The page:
The last two posts have dealt with Michelle Miller’s new book Minds Online: Teaching Effectively with Technology. This post continues with an examination of Chapter 5 on Memory.
Michelle starts this chapter by noting that “…memory is central to the cognitive side of teaching and learning.” This brought to mind the review my colleagues and I did a year ago of Randy Garrison’s 2011 Second Edition of E-Learning in the Twenty-First Century, as noted in my post “Cogitating on Cognitive Learning.”
In that earlier post, I discussed a 2009 article by Karen Swan, Randy Garrison, and Jennifer Richardson – “A Constructivist Approach to Online Learning: The Community of Inquiry Framework.” In this article, Swan and team lay out a table with the three presences, categories within each, and indicators.
CoI categories and indicators; (Garrison & Anderson, 2003) – from Swan et al (2009)
Swan noted that much of the literature to date had focused on the role played by each presence rather than a holistic look at the interplay of all three together. She noted that not only does the influences shift between them, but they also shift over time within a course and beyond a course. The “learning” might kick in two to three courses later as continued integration and resolution occur.
This earlier discussion aligns with Michelle’s chapter on memory … and by “memory.” she means more than memorization, though memorization plays a part.
“It’s fashionable among educators to disparage “mere memorization” as opposed to the sophisticated reasoning skills we hope to foster, but this is a false dichotomy. Focusing on memory doesn’t need to detract from higher-order thought processes. You can’t make solid arguments, invent new applications, or apply critical thinking without a foundation of information in memory.”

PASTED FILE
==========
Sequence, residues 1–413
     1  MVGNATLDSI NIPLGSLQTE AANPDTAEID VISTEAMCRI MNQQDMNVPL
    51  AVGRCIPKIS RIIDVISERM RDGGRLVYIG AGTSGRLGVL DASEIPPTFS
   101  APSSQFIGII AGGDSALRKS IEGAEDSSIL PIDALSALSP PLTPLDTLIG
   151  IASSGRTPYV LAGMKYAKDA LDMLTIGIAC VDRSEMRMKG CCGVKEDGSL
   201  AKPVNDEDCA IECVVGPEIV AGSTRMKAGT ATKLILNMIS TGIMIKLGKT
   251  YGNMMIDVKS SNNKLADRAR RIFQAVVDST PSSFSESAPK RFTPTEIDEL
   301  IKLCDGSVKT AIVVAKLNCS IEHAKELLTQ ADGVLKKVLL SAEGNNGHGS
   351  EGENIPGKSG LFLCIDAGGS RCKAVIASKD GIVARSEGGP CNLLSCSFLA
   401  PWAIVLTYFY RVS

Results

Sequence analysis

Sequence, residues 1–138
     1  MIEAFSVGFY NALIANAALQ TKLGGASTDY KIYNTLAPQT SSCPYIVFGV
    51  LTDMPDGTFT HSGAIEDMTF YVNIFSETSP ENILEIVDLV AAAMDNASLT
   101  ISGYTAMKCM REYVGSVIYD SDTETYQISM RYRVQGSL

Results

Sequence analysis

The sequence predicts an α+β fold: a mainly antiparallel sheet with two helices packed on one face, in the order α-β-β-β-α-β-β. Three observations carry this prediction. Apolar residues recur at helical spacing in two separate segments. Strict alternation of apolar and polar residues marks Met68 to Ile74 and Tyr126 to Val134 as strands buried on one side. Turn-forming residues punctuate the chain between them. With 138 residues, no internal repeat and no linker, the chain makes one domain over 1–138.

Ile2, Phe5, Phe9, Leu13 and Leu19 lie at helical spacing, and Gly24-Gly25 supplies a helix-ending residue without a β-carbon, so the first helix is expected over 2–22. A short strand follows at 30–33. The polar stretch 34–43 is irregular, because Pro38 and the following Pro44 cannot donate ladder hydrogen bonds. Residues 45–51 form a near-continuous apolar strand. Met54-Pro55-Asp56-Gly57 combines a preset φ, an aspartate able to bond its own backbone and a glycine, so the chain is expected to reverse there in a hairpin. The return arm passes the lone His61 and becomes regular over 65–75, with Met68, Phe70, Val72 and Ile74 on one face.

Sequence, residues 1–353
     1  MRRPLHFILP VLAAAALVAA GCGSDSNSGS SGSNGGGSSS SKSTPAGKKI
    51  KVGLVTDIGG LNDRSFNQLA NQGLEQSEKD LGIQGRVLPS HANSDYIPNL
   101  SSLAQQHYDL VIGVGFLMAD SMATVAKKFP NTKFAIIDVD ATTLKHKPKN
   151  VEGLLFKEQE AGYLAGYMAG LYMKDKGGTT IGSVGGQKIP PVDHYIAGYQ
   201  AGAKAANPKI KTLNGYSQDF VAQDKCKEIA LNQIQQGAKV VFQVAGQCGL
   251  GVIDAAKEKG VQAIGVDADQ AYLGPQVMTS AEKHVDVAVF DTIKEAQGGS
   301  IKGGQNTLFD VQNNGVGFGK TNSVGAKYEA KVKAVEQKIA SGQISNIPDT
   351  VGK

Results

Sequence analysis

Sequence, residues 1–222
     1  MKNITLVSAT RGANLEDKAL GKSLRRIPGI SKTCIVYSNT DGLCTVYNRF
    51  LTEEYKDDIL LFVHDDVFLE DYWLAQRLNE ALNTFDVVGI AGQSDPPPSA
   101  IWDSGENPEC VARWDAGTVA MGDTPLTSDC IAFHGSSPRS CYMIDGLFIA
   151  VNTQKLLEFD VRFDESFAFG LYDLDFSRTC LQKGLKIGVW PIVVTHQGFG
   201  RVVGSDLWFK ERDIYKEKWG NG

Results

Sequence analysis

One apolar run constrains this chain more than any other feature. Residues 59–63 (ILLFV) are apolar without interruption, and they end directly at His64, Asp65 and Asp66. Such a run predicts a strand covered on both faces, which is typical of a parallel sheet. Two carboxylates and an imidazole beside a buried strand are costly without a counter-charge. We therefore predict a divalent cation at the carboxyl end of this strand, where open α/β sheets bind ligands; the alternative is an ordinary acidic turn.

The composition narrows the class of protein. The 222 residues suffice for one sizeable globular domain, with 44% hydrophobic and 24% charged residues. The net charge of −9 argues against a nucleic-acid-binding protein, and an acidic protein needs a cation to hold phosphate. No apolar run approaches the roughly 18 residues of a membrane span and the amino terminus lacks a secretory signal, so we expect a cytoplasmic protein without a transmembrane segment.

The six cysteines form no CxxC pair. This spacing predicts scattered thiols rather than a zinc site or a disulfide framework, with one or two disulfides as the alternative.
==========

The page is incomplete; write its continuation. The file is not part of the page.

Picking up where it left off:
Michelle’s key point is that technology opens up new opportunities for learning that never existed in face-to-face classrooms. Technology allows one to build activities that capitalize on multiple interrelated sensory cues (video, audio, image, text, query, etc.), deeper-level processing, metacognition, and opportunities to engage the emotions. Rather than simply providing content for passive intake, online classes afford the opportunity for students to understand why they need to learn something, along with the content to learn.
In applying memory research, Michelle discusses knowledge organization – a key difference between experts and novices. Experts see patterns and how concepts are linked, including how they are linked to prior knowledge. Michelle also ties in research on testing effects and spacing effects. Testing as a tool for learning (as opposed to summative assessment) is not intuitive to students, so again, they need to understand why frequent testing is beneficial. Spacing the activities and assessments helps build the neural networks for long-term retention…and mitigates against cramming.
Enoch Hale has been journaling his teaching in his Fall UNIV 200 course – and provides some great examples of applied memory research. Through the vehicle of video games, he has his students writing about concepts that are relevant to them, and he routinely has them engage in metacognitive activities to think about their thinking. As he noted in his latest post:
As I reflect on this class and my work, I still cannot escape what has become a mantra of mine: “There is an extent to which thought not applied is useless.” — for better or worse. If we can’t see it, we can’t evaluate it, and we can’t avoid, correct or use it deeply. I started blogging by challenging myself to a 30 Question Challenge. My organizing idea and goal was to pose 30 totally out of the box questions that I would blog about. It was a game that had meaning for me.
It was relevant to my context as a teacher and a faculty development coach.
It was challenging, but I could figure out how to have emerging success.
It forced me to identify and question my assumptions.
It forced me to examine things from different lenses and perspectives.
I called upon background knowledge and schemas to make connections.
I had to reframe my misunderstandings, knowledge inaccuracies and expectations.
I had to take action and produce something.
I had to check my thinking; assess it for quality.
I had to reach out to others (resource identification and use).
I wanted to contribute to others involved.
I had broader goals beyond myself.
I failed, regrouped and tried again writing multiple drafts at times.
I made a commitment to learn, explore, fail, succeed, and share.
Check out the work Enoch is doing – very cool!
- Include frequent tests and test-like activities
- Structure for spaced study
- Involve emotions (carefully)
- Steer students into deeper learning
- Base new knowledge on old knowledge
These five strategies align with Susan Ambrose’s How Learning Works principles of Prior Knowledge, Knowledge Organization, Motivation, Goal-Directed Practice and Feedback, and Development of Course Climate.
Lots of good examples in this chapter! The next chapter is on “thinking” … looking forward to it!